Mulder: 30 loggers working a clear-cutting contract in Washington state. Rugged, manly men in the full bloom of their manhood.
Scully: Right. What am I looking for?
Mulder: Anything strange, unexplainable, unlikely… boyfriend.

———–

Scully: I think it’s a male.
Mulder: Barely.

Gender Bender 1×13: On a scale of 1 – 10… she was a kind 3.


Marco! Polo!

There’s open-ended and then there’s makes-no-sense. If the answer to its mystery was merely vague, this episode might have a different reputation. That being said, I by no means dislike it. “Gender Bender” is a guilty pleasure for me. It’s not among the general Phile favorites, in fact, it’s almost universally panned. But one thing is certain: even if you don’t like it, you’ll be thinking about it afterward if only because you’re too confused to move on. Besides being a puzzle, “Gender Bender” actually has an interesting premise. After all, sex is scary. People are at their most vulnerable physically, emotionally and psychologically during sex. At the very least, this episode serves as a sort of Public Service Announcement: Find out their name first, please.

This may have been an early attempt by The Powers That Be to make the show sexy, and in that respect it does fail. I know I first watched this at a very innocent age 14 but it took me a while to catch on that Scully is aroused. Somehow, the face on aroused Scully just doesn’t convey, well, arousal. She looks more like a child who lost her dolly than a woman lost to passion. I realize it’s because she’s trying to fight the feeling off, but still. On top of that, maybe it wasn’t the best idea to show the evil villain running around in women’s underwear. It… well… de-villainizes him. The club scenes too are laughable in retrospect. The introduction of Nicholas Lea is their only saving grace.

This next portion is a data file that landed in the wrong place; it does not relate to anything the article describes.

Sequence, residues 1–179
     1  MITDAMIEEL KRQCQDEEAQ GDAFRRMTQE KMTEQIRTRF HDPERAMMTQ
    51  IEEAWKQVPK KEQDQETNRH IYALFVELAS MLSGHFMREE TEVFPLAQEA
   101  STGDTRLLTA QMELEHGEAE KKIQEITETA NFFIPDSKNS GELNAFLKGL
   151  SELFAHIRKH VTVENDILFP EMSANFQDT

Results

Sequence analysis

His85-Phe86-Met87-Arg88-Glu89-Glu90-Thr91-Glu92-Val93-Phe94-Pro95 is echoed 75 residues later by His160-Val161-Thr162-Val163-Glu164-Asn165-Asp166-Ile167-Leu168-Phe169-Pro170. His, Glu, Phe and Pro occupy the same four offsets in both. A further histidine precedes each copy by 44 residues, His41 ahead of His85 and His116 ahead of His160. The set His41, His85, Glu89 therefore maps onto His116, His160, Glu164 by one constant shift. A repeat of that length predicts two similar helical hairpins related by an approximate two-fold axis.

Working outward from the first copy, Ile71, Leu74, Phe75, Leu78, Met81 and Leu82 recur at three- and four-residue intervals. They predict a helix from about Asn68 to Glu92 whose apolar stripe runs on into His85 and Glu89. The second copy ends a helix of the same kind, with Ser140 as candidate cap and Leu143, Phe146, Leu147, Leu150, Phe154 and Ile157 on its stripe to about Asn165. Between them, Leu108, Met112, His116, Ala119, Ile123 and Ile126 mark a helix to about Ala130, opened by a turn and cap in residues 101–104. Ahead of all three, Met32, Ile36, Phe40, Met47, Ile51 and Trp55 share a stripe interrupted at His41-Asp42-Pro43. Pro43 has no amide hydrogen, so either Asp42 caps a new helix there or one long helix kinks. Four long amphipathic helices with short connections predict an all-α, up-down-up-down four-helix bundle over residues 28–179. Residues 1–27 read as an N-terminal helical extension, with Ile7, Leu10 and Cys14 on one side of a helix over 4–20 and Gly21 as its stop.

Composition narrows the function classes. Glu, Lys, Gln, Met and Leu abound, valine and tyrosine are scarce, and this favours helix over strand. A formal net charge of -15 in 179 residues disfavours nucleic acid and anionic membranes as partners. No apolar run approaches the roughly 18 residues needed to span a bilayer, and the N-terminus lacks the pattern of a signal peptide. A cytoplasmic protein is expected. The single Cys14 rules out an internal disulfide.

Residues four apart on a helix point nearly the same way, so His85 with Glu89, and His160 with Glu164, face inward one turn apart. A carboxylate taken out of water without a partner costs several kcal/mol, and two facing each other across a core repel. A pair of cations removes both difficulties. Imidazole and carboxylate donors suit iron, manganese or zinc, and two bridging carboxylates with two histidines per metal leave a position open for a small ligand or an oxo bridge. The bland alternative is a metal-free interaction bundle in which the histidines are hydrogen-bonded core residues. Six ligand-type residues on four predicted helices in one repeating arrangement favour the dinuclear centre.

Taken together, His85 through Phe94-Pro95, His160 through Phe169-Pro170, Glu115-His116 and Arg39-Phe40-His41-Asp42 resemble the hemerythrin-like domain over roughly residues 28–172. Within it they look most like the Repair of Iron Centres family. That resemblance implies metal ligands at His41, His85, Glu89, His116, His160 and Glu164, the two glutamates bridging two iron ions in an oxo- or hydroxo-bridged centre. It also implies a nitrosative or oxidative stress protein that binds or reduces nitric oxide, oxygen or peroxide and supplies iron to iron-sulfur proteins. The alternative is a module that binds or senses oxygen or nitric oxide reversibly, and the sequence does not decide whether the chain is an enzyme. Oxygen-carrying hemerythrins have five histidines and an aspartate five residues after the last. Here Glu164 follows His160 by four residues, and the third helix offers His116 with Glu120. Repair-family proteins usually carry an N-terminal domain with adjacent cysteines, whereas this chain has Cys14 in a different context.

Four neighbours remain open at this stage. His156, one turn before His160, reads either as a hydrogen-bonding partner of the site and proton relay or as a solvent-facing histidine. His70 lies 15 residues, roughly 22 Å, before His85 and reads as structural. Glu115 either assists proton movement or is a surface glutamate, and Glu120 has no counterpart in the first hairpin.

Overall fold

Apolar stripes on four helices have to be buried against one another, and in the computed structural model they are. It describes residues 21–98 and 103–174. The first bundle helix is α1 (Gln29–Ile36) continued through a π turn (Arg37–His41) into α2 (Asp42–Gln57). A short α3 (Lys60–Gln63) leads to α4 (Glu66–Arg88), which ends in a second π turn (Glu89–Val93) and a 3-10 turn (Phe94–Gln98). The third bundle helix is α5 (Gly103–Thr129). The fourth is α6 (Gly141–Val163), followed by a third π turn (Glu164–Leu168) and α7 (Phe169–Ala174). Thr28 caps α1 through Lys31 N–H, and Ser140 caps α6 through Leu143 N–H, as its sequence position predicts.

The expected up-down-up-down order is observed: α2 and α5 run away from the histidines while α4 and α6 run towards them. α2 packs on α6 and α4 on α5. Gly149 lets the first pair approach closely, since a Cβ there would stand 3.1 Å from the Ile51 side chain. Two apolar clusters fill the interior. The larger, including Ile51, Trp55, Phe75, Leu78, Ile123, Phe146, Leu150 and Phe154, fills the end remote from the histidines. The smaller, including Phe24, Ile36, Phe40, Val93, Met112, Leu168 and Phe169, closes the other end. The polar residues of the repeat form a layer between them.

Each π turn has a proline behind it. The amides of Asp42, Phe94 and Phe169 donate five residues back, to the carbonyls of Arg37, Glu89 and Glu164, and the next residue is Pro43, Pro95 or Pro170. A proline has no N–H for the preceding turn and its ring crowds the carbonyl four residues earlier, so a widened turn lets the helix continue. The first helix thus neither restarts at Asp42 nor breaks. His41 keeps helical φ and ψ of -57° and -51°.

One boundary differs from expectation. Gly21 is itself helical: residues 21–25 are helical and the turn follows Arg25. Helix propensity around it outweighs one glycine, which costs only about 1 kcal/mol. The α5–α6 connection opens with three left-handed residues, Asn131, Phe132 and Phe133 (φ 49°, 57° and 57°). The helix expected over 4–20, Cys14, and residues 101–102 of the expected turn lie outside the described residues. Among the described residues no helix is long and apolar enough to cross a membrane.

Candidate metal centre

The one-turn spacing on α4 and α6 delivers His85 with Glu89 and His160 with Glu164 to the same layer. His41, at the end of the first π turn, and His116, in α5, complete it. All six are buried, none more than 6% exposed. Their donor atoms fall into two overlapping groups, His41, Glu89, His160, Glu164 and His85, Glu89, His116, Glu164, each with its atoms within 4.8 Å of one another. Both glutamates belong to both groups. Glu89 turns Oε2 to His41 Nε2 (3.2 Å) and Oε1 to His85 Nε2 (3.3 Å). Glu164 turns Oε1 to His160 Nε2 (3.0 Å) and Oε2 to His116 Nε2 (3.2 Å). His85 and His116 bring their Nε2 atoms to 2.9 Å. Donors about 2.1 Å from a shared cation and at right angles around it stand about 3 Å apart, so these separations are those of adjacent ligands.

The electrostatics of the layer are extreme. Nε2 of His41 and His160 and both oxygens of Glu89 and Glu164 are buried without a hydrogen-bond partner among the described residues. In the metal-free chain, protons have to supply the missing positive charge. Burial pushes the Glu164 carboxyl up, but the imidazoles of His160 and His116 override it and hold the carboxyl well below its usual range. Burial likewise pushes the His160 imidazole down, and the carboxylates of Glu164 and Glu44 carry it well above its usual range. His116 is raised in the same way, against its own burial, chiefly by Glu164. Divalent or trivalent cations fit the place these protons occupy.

Let’s admit the truth. The alien angle feels like a cop out. It falls out of the sky like a UFO over Roswell. You feel cheated not because you don’t see it coming, but because when it does come it doesn’t make any sense. The end isn’t one of those moments where you look back, smack your forehead and cry, “Of course!” a la The Sixth Sense. Now, I’m going to admit that I’ve cheated a little and read another draft of the script in which Mulder suspects that The Kindred are alien long before the end of the episode. It still doesn’t work. Truth be told, this episode would have played out better if aliens had nothing to do with the matter. Lethal sex is scary enough on it’s own. This episode takes place in the early ‘90s when AIDS was still all over the news. The concept of sex with a stranger proving immediately fatal would have grabbed an audience all by its pretty lonesome. No EBEs required.

The implication is that these aliens don’t have sex. They have no children. Whatever transformation Brother Aaron goes through in the barn must be a form of self-reproduction. Or rather, since they can regenerate by changing sexes, there’s no real need to reproduce at all but only regenerate. The Kindred are the same as they were 100 years ago. If The Kindred merely suffered from a genetic mutation that required an almost religious abstinence and separation from the world on their part, isn’t that enough of an X-File? That would explain their resistance to outsiders. Their self-imposed isolation is then merely a self-sacrificial attempt to protect the rest of society. Now that’s some angst. It also would make Marty a more evil villain by contrast, taking vengeance on a world that he can’t be a part of. Instead, we see too little of Marty in his (original?) male form. As a matter of fact, we’re never formally introduced to Marty’s male form and that’s a shame. And that brief monologue doesn’t serve to make him either a pathetic or a villainous creature.